How to keep the sun off while at the beach, snowflake edition?
June 3, 2016 12:13 PM   Subscribe

We're moving into a house that will be an easy bike ride to the beach. We want to obtain a shelter solution that will fit our needs. Snowflakes inside.

I tend to shy away from the default 4 legged sun-shade and would like something more akin to a camping tarp shelter or something on the spectrum between the two. DIY is an option as I need to buy material for a DIY hammock tarp anyway...

Does this thing exist? Is there a design I can emulate or modify to suit my needs? Can it fit on my person or on a bike/trailer combo? If not, which of the alternatives are the best bet? Bonus points: How to best anchor tension-based things of this sort in fine sand so that the wind doesn't foil (pun intended) my efforts?

Priorities, in some semblance of order:

--- Must block sun and provide shade
--- Durable enough to not be a 1 season then throw away -type item
--- Packable and/or lightweight enough to be transported outside of a car, even if it's not elegant, the less cumbersome the better
--- Lower to the ground than most shelters is ok
--- Sturdy enough to survive a moderate wind and a toddler touch or two (yea, I know nothing survives a toddler for long, but ours is pretty good with things like this, I just don't want it folding up on us at a glance)
--- Not ungodly expensive to buy/build
--- Would consider utilizing 2 of the same shelter rather than going larger with 1 mega-shelter


-- Kelty Sunshade, seems to be discontinued?
-- Kelty Shade Maker 2, bit expensive and has 4 legs but otherwise seems ok.
-- Tsuga, some of these look really neat
-- Other fairly portable, seemingly anyway, solutions
-- Basically, these all look interesting/neat/good, ditto this one
-- Crazy Tent from AliExpress
-- Tarps, tarps, and more tarps

Don't Like:

-- Anything that resembles this, too many bad experiences and the fact that I dislike almost every aspect of them.
-- Anything that purports to use air/ballons to keep the structure stiff/erect. Just... no... stop...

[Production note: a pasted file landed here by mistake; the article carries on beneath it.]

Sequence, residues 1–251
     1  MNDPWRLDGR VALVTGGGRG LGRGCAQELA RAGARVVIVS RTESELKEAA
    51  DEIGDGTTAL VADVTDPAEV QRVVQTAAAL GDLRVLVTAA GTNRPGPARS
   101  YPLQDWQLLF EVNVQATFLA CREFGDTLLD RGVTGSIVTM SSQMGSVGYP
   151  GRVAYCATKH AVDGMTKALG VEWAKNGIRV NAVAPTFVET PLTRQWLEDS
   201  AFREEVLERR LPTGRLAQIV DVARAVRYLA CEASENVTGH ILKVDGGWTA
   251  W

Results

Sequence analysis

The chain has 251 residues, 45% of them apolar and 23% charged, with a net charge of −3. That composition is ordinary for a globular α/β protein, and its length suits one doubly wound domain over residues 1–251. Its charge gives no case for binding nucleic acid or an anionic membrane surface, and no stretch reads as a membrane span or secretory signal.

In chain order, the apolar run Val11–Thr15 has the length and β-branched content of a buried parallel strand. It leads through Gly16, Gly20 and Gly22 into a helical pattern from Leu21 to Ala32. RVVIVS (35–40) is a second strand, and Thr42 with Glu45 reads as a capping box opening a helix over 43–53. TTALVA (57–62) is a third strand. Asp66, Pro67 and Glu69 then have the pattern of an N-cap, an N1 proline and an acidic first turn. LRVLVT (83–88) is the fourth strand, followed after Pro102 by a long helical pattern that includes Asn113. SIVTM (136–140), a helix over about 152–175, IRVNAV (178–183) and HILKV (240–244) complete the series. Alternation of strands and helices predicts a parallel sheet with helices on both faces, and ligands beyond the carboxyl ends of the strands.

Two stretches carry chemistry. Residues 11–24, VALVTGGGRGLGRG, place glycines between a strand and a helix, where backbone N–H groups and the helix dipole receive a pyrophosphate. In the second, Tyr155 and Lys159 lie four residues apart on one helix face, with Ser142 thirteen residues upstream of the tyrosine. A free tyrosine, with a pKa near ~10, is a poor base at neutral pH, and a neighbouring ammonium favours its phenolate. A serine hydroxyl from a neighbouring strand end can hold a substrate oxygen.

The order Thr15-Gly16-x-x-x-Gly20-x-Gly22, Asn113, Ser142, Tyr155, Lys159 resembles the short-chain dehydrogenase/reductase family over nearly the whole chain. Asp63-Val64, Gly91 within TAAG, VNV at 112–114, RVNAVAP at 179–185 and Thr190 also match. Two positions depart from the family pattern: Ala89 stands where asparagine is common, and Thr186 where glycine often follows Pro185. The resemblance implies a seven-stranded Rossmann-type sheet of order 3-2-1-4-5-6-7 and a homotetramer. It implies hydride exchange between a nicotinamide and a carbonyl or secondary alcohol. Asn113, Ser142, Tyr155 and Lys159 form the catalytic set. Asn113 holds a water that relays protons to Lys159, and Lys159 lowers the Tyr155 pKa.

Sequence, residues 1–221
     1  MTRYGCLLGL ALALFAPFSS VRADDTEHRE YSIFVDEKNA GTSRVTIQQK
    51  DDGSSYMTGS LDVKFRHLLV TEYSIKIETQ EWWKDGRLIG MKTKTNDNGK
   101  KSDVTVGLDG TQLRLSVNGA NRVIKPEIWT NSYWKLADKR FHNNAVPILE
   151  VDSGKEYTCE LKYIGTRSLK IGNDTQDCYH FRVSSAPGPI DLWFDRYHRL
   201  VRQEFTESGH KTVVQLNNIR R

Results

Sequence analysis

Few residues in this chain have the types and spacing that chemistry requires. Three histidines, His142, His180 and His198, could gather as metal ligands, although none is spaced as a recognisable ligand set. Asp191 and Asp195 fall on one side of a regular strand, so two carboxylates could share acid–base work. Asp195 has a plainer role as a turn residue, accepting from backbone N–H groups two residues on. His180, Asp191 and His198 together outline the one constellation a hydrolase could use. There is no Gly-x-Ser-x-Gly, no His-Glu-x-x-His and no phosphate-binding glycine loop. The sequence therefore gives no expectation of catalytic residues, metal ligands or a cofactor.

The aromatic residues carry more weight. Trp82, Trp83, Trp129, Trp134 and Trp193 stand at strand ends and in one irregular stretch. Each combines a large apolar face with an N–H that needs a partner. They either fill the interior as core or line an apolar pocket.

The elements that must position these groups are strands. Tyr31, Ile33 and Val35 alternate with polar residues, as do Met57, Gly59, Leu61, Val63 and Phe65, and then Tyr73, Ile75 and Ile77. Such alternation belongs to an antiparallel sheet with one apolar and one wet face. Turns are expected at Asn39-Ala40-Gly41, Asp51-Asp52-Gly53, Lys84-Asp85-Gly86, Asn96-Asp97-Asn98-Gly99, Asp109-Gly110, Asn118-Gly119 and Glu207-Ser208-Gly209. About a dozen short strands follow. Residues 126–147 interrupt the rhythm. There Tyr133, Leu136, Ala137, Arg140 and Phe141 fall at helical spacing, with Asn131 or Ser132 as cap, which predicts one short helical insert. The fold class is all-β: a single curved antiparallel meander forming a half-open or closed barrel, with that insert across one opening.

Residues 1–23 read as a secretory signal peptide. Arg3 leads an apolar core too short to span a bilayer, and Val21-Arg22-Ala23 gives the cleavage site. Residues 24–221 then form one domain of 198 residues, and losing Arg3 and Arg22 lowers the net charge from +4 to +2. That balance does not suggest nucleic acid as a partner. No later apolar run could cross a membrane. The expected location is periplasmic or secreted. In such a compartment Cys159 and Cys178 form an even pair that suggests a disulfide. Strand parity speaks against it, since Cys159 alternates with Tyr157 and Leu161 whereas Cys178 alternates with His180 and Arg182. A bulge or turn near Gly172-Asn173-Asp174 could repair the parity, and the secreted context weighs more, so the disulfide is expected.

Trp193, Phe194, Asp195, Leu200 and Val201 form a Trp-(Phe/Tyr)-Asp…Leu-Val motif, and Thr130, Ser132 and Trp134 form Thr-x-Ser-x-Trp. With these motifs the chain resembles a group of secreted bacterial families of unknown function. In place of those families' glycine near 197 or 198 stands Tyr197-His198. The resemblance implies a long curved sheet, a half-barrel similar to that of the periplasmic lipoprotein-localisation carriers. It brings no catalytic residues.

Also, like I said, any tips as to anchoring in sand is appreciated.

I know what a deadman anchor is, I know my knots decently well, and I am no newbie to camping and setting up things like this, but this is new territory for me and I'll welcome any and all help y'all have to give.

posted by RolandOfEld to Sports, Hobbies, & Recreation (6 answers total) 7 users marked this as a favorite
Best answer: We've used a Sport-Brella at the ocean for 2 years now (this coming summer will be 3). It is sturdy, easy to set up, and provides good shade. Should hold up to a toddler (our daughter was 1 year old last summer and never did it any harm; haven't tried it out this year with a 2 year old yet). Stands up to wind just fine with the provided stakes. It's easy to carry when walking with the strap slung over your shoulder, but I'm not sure you could carry it on your person while riding a bike. It's 54" long when folded. Would that fit on your trailer?
posted by Kriesa at 12:24 PM on June 3, 2016 [2 favorites]

Best answer: This Otentik shade is intriguing. It looks very compact and gets good reviews. A bit more expensive, but it sounds like you'll be getting a ton of use out of it.
posted by Kriesa at 12:27 PM on June 3, 2016 [3 favorites]

Response by poster: Popping in to say that the Otentik is well within our budget, assuming it's well built and reasonably long lived, and looks pretty dang good.

The Sport-Brella (how have I never seen these before today?) also looks good but that length is pretty intense. Regarding the trailer, we don't own it yet but will be buying it for my bike soon after we move but it'll be primarily a kid trailer with storage, not the opposite, so space is still going to be in high demand.
posted by RolandOfEld at 12:34 PM on June 3, 2016

Best answer: L.L. Bean Sunbuster Shelter? Weighs about eight pounds, and packs up fairly small. I can easily sling it over my shoulder while walking to the beach, so I imagine it would do fine in a bike trailer. It is crazy sturdy and if it breaks you can return it and they'll send you a new one.
posted by anastasiav at 1:35 PM on June 3, 2016

One thing to check is the rules for the beach you'll be going to. I live in a beach town and sunshades cannot have a floor.

Whatever you find, don't anticipate it lasting more than a season or two. Waterfronts tend to be breezy and most of these don't last.
posted by SuzySmith at 10:17 PM on June 5, 2016

Best answer: Bought the Otentik based on this askme and reporting in after a week of use at the beach. It's really great. We fit three adults and a couple kids under the medium size one. After a week of reasonably strong winds, there is no fraying. The tarp developed one pencil-sized hole, but that hole didn't grow at all. Seems like it will last many such trips.

There was a setup accident where a pole got shoved up through the foam ball that protects its end from the tarp; that got fixed with duct tape. Tip: The poles don't need to be pushed into the sand at all.

It does work best with a constant wind. Without wind it doesn't arc up and so has less room under it. If wind changes direction 90 degrees you may need to move a pole to a different corner.

Best thing about it is it can be set up below the high tide line, for playing around in the incoming tide. Water only makes the sandbags hold it more securely. Until the poles get undermined too much. Then remove poles and drag it 5 feet up the beach to safety.
posted by joeyh at 8:36 AM on July 12, 2016 [1 favorite]

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